Mount Airy ponders free-water rules

The Baltimore Sun

When Mount Airy Town Councilman John Woodhull told his colleagues about the town's little-known, decades-old practice of providing free water to local churches, he expected a couple minutes of discussion, maybe some laughter, and then an end to the custom.

Water usage is a big concern in the town, and giving it away, Woodhull said, sends the wrong message.

But in January, the council voted to go forward with what appears to be an unusual custom.

And last night, after a lengthy debate, the panel unanimously decided to postpone voting on a resolution to spell out the exemptions for churches and other nonprofit organizations so that the town's water and sewer commission can weigh in on the practice. That was followed by a 3-2 vote to apply the proposed guidelines to the currently exempt churches in the meantime.

Supporters of the practice, which include Council President David Pyatt and members Wendi Peters and Peter R. Helt, see it as a nod to history and the public service the handful of churches perform. Pastors at Calvary United Methodist Church and St. James' Episcopal, which Pyatt attends, said they offer such services as renting space in their buildings or hosting some nonprofits for free, such as the community food bank and Scout events.

"We're grateful that the town over the years has provided us water at no cost, and we'd be pleased to continue to receive that. ... It's not unusual for a town to want to provide a very small token of support for community organizations," said the Rev. Dennis Yocum at Calvary. "If they change their mind, that's OK, too."

"They really pull their share of the freight," Pyatt said of the churches.

But Woodhull, the council liaison to the water and sewer commission, and Councilman Gary Nelson still question the idea.

"The intention, at one time, I'm sure was very good," Nelson said in an interview. But "the world has changed. ... It's just not a fair policy for the people of the town."

Both say that the policy violates the separation of church and state. Woodhull also questions the rationale of such a policy in a time when water usage is an issue in the town and throughout the county.

The town has been ordered to stop new construction or find additional water, Woodhull said, because it has permitted more development than it is allowed to pump water for.

"We're doing a lot to foster conservation," Woodhull said, adding that providing free water does little to encourage people to value the resource.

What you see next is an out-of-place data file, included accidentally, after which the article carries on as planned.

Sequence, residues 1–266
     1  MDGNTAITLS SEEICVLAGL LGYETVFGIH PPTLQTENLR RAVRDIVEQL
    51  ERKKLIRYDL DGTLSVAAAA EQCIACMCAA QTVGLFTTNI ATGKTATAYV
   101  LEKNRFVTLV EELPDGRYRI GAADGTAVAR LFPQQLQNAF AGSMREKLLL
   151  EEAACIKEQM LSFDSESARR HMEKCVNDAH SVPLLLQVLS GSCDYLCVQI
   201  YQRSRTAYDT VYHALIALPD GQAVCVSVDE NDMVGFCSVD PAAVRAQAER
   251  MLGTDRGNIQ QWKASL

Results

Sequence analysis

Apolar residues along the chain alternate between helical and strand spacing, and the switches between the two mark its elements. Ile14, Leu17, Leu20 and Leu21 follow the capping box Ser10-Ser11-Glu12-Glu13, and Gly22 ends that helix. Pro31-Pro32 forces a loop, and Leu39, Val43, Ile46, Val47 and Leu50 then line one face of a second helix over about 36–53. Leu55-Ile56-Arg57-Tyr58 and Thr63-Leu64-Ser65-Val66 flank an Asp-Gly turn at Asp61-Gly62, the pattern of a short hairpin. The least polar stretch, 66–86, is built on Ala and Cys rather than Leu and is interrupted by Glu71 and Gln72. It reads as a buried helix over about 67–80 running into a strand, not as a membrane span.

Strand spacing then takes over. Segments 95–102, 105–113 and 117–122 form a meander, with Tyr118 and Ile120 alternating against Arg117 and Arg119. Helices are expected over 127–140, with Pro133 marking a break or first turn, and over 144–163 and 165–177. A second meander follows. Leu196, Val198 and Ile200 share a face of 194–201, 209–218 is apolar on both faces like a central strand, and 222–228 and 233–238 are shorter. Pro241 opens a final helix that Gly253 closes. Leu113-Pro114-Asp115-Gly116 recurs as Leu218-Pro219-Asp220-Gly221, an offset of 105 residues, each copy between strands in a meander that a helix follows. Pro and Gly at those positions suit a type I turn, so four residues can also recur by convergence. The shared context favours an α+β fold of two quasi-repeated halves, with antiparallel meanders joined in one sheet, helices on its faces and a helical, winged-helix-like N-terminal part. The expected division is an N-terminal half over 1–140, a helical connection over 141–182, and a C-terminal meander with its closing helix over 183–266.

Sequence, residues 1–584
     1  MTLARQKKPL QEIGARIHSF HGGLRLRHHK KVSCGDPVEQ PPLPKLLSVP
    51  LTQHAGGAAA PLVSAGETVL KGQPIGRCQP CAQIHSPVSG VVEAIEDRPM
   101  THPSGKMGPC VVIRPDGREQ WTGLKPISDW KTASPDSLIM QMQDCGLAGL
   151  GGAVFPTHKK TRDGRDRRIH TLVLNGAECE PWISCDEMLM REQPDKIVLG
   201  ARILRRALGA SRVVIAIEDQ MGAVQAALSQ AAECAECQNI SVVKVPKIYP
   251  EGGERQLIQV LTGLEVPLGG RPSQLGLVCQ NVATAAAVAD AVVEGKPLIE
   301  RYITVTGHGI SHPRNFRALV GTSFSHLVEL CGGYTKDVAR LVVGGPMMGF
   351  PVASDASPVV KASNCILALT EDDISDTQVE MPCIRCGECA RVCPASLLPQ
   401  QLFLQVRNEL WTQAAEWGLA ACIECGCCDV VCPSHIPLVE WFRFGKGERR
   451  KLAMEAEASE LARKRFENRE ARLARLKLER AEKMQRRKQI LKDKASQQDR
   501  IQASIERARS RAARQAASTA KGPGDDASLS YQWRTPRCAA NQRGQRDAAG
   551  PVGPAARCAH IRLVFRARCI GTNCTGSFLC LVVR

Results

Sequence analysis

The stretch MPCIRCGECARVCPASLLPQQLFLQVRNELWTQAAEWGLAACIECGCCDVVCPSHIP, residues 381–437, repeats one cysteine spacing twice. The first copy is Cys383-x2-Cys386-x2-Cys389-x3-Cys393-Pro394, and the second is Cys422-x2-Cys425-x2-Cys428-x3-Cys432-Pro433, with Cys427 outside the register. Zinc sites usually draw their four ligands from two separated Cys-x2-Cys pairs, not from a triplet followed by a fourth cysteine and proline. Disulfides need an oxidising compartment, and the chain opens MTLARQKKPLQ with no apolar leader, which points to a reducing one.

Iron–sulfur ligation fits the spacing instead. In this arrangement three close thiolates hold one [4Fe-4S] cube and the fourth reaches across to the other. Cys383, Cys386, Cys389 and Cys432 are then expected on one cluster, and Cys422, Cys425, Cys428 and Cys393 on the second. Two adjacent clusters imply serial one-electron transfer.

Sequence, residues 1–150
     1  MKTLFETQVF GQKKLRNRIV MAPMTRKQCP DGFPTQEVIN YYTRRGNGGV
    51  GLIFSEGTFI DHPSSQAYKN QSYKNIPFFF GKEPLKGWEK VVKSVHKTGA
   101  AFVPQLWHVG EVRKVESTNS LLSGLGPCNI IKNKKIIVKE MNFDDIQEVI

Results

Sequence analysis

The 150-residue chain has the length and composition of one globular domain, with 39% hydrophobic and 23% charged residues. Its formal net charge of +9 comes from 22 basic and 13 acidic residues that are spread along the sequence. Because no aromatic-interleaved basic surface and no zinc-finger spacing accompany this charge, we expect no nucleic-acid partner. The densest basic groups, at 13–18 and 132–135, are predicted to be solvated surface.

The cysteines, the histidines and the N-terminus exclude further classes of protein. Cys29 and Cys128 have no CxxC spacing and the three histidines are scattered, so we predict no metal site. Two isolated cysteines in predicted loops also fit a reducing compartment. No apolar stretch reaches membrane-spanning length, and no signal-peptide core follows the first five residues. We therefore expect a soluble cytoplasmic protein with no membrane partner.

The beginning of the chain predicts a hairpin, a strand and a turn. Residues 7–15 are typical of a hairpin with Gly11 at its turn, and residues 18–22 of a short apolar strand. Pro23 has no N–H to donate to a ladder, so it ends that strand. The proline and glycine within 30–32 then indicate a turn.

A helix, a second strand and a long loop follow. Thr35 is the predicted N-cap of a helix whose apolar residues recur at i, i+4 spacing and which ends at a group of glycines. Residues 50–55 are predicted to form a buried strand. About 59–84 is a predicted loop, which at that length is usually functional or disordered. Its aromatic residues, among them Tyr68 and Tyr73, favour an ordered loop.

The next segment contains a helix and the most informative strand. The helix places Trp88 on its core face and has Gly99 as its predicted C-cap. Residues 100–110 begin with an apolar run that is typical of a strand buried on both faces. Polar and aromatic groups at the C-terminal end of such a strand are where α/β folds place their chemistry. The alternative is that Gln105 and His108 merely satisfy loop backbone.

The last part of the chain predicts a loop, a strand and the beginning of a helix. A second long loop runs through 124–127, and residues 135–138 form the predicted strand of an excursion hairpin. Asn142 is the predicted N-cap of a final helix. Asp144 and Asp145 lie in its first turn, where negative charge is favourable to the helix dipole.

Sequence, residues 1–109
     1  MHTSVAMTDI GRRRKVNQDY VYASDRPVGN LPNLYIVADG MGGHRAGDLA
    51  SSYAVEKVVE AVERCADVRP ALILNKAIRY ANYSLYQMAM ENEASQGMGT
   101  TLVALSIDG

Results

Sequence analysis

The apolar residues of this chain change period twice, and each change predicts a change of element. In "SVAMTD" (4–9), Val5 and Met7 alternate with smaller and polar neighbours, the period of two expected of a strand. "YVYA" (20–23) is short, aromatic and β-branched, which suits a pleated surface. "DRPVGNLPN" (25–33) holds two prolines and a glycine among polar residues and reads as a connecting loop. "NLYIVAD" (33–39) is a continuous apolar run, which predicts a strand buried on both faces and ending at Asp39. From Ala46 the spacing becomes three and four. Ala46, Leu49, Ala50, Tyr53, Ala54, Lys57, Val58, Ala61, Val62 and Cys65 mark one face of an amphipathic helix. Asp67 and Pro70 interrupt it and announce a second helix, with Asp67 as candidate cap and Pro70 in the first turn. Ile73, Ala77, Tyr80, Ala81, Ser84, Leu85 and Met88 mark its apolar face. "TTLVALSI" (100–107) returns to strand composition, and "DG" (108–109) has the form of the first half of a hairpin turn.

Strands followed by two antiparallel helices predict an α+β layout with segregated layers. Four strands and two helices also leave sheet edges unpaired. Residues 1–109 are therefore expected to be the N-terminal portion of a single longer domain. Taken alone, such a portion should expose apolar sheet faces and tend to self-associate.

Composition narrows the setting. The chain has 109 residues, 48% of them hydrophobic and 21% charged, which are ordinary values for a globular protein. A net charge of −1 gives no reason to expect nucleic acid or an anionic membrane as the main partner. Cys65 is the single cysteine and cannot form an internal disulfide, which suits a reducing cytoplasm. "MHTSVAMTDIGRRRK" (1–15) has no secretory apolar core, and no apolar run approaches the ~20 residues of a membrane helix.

The resolution aims "to establish criteria for granting such requests in the future to ensure equal treatment," while acknowledging the town's historic exemptions, which include the volunteer fire company.

Owners of an exempt property - operated by a "non-profit entity" - must: provide a public service at the site; not exceed an average water use of 20,000 gallons per quarter; agree to use water conservation items provided by the town; and cooperate in conservation planning. The exemption also cannot result in rate increases, or negatively affect other water and sewer users - a concern that Nelson and Woodhull have expressed.

While no one is certain what prompted the practice or when it began, it could have started when the town's public water system was installed in the mid-1920s, Mayor Frank Johnson said. Town officials have also found a reference to water exemptions for an Episcopal church in town records from 1952. Although several of Carroll County's municipalities exempt their fire companies from water charges, none has a similar policy for churches.

"This is something to do with the unique history of Mount Airy," Johnson said.

Johnson described the dollar amount in question as "relatively small." It was recently as low as about $48 in one quarter for the lowest user and about $375 for the highest, according to Marsha Zimmerman, the town's water and sewer administrative assistant.

The town's lawyers and legal scholars say that the policy does not violate the Constitution.

The Supreme Court has held that tax exemptions for religious organizations, while not mandatory, are constitutional, said Mark Graber, a professor of law and government for the University of Maryland School of Law.

The most common exemptions are property and sales taxes, said Howard Friedman, professor of law emeritus at the University of Toledo College of Law, who said he has not come across a policy like Mount Airy's.

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